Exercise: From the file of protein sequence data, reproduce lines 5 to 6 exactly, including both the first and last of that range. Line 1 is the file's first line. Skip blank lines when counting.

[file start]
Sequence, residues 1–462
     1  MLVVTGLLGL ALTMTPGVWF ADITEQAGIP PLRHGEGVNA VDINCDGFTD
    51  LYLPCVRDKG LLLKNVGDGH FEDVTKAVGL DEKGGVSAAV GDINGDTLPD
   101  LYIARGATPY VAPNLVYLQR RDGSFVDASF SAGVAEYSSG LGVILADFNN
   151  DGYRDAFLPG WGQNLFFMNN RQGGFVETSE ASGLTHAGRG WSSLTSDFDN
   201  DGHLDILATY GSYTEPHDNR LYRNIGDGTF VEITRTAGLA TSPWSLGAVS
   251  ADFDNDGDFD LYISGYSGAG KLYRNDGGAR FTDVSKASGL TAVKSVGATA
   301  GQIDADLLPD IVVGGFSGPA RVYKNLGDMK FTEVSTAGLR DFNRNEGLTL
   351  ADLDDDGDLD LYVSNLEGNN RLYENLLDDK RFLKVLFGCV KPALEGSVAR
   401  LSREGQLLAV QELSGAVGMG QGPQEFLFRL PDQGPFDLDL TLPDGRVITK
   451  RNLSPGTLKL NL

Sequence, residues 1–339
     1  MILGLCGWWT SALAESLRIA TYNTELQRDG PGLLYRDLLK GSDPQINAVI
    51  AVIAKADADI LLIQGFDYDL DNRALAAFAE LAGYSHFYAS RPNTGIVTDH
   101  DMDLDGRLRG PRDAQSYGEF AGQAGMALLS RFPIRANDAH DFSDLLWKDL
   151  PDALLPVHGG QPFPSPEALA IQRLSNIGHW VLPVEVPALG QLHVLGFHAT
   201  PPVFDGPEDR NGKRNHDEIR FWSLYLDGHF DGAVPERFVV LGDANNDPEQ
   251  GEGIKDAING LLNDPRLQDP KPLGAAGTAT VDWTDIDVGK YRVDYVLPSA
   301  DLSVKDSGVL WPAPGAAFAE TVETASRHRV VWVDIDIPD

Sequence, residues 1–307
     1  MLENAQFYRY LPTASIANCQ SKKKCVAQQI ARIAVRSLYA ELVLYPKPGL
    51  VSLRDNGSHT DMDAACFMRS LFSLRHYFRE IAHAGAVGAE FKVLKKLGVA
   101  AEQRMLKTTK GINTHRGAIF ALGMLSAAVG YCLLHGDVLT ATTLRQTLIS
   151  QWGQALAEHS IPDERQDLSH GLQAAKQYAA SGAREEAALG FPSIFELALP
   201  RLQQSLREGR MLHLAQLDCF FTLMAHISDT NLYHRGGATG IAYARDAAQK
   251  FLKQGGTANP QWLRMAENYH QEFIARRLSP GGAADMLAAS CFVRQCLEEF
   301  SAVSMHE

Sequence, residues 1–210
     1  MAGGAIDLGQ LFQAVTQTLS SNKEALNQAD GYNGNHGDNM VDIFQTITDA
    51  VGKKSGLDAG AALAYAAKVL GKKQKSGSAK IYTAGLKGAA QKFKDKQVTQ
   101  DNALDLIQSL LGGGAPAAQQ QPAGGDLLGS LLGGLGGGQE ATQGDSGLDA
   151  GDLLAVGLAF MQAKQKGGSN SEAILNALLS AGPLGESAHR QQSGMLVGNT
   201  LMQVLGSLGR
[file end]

   151  DGYRDAFLPG WGQNLFFMNN RQGGFVETSE ASGLTHAGRG WSSLTSDFDN
   201  DGHLDILATY GSYTEPHDNR LYRNIGDGTF VEITRTAGLA TSPWSLGAVS